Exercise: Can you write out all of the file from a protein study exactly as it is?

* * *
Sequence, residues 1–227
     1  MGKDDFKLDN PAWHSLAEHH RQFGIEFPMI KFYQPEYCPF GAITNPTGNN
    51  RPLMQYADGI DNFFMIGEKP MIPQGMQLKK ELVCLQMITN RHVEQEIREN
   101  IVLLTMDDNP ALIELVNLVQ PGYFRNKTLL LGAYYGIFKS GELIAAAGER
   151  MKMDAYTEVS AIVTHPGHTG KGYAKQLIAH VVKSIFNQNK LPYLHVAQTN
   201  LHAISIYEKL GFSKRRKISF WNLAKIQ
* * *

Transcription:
Sequence, residues 1–227
     1  MGKDDFKLDN PAWHSLAEHH RQFGIEFPMI KFYQPEYCPF GAITNPTGNN
    51  RPLMQYADGI DNFFMIGEKP MIPQGMQLKK ELVCLQMITN RHVEQEIREN
   101  IVLLTMDDNP ALIELVNLVQ PGYFRNKTLL LGAYYGIFKS GELIAAAGER
   151  MKMDAYTEVS AIVTHPGHTG KGYAKQLIAH VVKSIFNQNK LPYLHVAQTN
   201  LHAISIYEKL GFSKRRKISF WNLAKIQ